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YMMV: Rashomon
  • Crowning Music of Awesome: The jungle beat as the woodcutter struts through the forest.
  • Downer Ending: The ending may seem bittersweet at first, because even though there was no definite resolution to the truth of either of the four stories, the woodcutter still seems to altruistically take a baby home to live with his family. However, there are a couple of things to consider. One is that a third person stole the baby's blanket earlier, saying that in these times, one needs to look out one's self. Second is the look on the woodcutters' face as he walks away. He doesn't seem happy to be taking the baby; he looks almost horrified. It's possible that he's just going to abandon the baby and take whatever's left on it once he's out of sight of the priest, with the words of the third person weighing on mind. This would make the message of the movie be that everyone's a lying a-hole that's only in it for themselves, and you can't expect anyone to tell the truth or act honorably.
  • Fridge Brilliance: Tajomaruís demeanour in court and during his flashback is very jarring―itís not even scary, just unnatural, with his unnatural bursts of laughter and awkward body language. Thatís probably because heís lying, and heís just pretending to be a big-shot bandit.
    • We are meant to think the woodcutter is lying about his story because he stole the dagger. But if what he says about having six other children to feed aside from the abandoned infant is true, he could easily be interpreted as stealing the costly dagger to make ends meet. And all the other aspects of the story could very well be true.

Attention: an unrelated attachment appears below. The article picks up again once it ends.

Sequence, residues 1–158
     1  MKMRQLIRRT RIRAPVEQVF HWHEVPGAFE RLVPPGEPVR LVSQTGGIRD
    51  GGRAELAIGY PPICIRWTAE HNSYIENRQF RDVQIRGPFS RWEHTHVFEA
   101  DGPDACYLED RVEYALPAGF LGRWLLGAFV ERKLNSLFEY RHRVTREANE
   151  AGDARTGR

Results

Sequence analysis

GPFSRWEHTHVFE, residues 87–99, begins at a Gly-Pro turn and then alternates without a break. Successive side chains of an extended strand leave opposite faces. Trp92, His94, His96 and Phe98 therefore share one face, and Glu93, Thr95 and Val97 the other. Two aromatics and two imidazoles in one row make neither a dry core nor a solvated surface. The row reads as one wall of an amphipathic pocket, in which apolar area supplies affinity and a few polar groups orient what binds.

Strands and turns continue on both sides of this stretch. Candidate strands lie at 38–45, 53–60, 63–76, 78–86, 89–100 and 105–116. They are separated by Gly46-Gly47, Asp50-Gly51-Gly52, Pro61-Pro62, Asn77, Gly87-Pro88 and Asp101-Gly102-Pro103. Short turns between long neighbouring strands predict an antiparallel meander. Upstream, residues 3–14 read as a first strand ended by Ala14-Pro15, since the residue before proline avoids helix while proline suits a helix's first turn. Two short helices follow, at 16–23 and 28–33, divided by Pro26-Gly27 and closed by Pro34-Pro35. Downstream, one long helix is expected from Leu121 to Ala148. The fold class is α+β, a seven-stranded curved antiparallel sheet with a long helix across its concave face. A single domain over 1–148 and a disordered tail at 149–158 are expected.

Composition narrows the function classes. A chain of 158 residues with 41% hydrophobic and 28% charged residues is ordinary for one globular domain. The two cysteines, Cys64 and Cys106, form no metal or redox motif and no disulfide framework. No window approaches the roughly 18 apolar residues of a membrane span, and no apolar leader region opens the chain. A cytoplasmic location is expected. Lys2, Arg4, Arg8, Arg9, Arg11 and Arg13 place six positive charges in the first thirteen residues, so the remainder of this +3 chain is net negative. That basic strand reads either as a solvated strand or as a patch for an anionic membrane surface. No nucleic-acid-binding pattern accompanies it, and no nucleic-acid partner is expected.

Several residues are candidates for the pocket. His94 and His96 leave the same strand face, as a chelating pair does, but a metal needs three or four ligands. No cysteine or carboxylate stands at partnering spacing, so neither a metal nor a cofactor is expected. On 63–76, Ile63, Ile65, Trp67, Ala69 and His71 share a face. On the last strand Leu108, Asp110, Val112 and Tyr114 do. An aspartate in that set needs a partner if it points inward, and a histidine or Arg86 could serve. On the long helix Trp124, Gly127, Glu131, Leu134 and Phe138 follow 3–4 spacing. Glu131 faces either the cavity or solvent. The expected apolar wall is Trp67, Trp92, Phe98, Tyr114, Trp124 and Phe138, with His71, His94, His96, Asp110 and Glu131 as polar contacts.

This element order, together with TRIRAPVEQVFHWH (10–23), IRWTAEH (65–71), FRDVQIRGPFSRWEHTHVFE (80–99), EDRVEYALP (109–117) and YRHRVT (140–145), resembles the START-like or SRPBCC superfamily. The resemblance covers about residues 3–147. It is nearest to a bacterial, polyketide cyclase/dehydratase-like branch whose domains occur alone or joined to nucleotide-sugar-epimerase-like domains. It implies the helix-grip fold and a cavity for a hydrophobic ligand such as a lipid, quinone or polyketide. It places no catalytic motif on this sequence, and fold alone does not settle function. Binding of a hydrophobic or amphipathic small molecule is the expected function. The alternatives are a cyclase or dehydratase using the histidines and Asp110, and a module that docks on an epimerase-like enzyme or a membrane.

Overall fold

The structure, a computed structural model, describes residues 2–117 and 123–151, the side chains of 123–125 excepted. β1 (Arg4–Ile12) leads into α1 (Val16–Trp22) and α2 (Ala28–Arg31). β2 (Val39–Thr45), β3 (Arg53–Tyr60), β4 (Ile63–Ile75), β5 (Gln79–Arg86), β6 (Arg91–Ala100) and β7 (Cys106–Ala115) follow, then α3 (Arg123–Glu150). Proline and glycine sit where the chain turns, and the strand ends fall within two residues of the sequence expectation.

• Germans Love David Hasselhoff: Even though it has been somewhat Vindicated by History, it's still considered one of Kurosawa's weaker films in its native land. The funny thing is that the Japanese can't agree on why Westerners love it so much. Half think they're just impressed by its exoticism, while others claim the complete reverse, that it's too Americanized. Very few consider the fact that half the reason they consider it poor (the fact that it's a mishmash of two very different Ryunosuke Akutagawa short stories) doesn't even occur to Western viewers, who most likely have never even heard of Akutagawa.
  • Narm: The medium and Tajomaru's laugh.

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